The Iranian report “further stressed that Supreme Leader Khamenei discussed the request with President Rouhani, that Rouhani said that Iran should accept the request and meet with Obama, and that such a meeting could lead to an end to the crises in the region while increasing Iran’s influence in their resolution,” MEMRI wrote. “Rouhani promised Khamenei that any move would be coordinated with him and reported to him. According to the report, Khamenei agreed with Rouhani.”
Senior U.S. officials have met with top Iranian officials in recent days in a move perceived by some as laying the groundwork for a future powwow between Obama and Rouhani.
Secretary of State John Kerry met with his Iranian counterpart, Javad Zarif, in New York on Tuesday. Treasury Secretary Jack Lew met last week with Valiollah Seif, the governor of Iran’s Central Bank.
Amir Toumaj, an Iran expert and research analyst at the Foundation for Defense of Democracies, expressed doubt that the Iranian Supreme Leader would concede to such a meeting, as it may empower more moderate elements of the Iranian regime.
“It seems highly unlikely that Khamenei would give his assent. There is a significant political cost for him, and he doesn’t have the appetite,” Toumaj told the Free Beacon. “The [nuclear agreement] is still fresh. There may be just a little over a year left until the 2017 Iranian presidential elections, but there is too much at stake.”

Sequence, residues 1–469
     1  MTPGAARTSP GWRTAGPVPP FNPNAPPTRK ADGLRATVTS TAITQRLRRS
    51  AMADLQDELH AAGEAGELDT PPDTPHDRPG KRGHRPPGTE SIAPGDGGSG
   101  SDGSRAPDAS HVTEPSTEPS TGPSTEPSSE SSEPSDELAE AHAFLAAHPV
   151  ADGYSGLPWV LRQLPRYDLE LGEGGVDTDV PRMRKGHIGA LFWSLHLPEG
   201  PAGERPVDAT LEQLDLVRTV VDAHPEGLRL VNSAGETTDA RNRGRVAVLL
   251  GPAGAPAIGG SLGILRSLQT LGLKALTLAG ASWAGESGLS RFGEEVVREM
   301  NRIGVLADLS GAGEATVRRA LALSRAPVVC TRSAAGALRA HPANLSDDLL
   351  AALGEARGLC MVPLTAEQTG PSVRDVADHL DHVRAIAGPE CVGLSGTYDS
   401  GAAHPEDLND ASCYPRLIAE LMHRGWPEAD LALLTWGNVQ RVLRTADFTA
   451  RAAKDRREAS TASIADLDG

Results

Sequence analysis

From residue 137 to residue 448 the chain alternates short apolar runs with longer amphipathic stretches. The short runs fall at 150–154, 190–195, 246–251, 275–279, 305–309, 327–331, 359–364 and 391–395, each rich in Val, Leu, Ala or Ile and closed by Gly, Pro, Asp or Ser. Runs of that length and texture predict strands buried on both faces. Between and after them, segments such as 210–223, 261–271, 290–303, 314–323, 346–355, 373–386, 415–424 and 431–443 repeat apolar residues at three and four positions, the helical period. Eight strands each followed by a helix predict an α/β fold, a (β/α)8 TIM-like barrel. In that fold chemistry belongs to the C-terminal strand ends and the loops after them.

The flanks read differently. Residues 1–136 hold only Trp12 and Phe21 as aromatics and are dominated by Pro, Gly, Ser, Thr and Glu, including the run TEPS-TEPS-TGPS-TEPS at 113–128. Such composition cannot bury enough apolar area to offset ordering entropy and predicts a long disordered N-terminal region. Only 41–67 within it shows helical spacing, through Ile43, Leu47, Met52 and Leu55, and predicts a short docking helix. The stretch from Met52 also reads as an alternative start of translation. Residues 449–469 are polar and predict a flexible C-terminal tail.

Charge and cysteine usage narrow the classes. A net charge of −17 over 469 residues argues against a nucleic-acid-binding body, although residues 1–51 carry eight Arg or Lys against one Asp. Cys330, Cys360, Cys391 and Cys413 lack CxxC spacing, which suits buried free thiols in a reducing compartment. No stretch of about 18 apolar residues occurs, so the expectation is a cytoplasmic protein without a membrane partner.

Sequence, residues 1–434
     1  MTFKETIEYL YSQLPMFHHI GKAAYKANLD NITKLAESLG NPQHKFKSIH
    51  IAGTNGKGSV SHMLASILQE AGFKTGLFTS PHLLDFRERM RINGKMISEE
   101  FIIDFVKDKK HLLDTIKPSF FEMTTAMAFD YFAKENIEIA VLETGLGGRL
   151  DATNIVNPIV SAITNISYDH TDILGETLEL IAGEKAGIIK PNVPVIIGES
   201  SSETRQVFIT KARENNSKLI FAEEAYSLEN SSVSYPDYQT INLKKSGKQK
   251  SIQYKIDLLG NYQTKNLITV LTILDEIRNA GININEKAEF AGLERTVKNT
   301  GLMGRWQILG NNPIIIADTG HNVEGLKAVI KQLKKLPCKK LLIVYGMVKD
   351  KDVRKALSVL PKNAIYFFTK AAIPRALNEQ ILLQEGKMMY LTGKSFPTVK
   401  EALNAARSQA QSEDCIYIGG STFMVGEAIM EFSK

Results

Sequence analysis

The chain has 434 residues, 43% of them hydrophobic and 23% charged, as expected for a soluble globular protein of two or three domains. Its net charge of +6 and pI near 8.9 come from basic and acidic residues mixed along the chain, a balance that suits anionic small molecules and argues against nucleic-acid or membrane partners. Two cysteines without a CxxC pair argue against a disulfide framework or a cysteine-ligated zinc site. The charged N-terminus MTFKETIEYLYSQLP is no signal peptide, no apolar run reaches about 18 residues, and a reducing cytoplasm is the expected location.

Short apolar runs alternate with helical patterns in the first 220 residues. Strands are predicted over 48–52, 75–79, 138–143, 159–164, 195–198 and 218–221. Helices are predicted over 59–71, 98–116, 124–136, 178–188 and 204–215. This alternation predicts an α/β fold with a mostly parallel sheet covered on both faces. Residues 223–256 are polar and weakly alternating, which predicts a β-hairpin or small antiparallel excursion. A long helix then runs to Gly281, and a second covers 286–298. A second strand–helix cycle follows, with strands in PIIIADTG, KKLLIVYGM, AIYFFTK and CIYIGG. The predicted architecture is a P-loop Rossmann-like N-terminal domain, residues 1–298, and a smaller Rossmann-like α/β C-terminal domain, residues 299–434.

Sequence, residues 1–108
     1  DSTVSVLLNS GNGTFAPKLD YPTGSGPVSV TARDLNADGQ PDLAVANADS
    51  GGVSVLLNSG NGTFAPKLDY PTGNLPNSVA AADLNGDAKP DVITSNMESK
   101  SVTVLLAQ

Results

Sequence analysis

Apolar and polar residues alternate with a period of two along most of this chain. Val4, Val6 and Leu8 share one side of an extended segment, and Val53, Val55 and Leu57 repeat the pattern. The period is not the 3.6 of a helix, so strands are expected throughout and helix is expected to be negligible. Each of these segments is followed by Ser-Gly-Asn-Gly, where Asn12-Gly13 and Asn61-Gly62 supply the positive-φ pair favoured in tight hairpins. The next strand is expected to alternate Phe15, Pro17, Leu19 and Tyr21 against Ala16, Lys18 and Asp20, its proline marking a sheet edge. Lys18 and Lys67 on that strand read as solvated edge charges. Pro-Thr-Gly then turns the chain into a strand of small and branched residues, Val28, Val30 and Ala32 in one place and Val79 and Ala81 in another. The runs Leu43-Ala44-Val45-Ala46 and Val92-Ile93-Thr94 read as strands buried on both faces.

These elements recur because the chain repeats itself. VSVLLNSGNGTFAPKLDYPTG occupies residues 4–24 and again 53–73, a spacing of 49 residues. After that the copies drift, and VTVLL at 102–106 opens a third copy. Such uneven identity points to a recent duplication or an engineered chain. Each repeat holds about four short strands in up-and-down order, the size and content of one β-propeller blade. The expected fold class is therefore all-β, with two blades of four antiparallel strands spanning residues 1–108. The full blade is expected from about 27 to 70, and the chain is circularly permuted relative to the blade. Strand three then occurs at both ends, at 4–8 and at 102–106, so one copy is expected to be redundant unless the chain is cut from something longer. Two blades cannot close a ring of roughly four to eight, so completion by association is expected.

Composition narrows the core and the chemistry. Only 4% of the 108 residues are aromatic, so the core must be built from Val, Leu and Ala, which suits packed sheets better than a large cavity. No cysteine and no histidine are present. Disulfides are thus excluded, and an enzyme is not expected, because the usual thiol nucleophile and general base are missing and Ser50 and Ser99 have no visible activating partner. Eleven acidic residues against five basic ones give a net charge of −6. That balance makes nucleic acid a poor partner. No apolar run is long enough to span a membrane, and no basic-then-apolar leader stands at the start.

“Khamenei and the radicals have markedly escalated their attacks on Rouhani on the merits and benefits of the JCPOA,” or Joint Compressive Plan of Agreement, he added. “A meeting with President Obama would give Rouhani political capital and reopen the debate on rapprochement.”
An Obama-Rouhani face-to-face could reignite debates in Iran about rapprochement with the United States.
“An Iranian president shaking hands with the ‘Great Satan’ would not be a minor event,” Toumaj said. “Just today, Khamenei delivered remarks on how the U.S. wants to keep Iran ‘backwards’ and is waging a ‘soft war’ to spread Western cultural values among the youth and undermine the revolution from the inside. This regime cannot survive in its current shape without anti-Americanism.”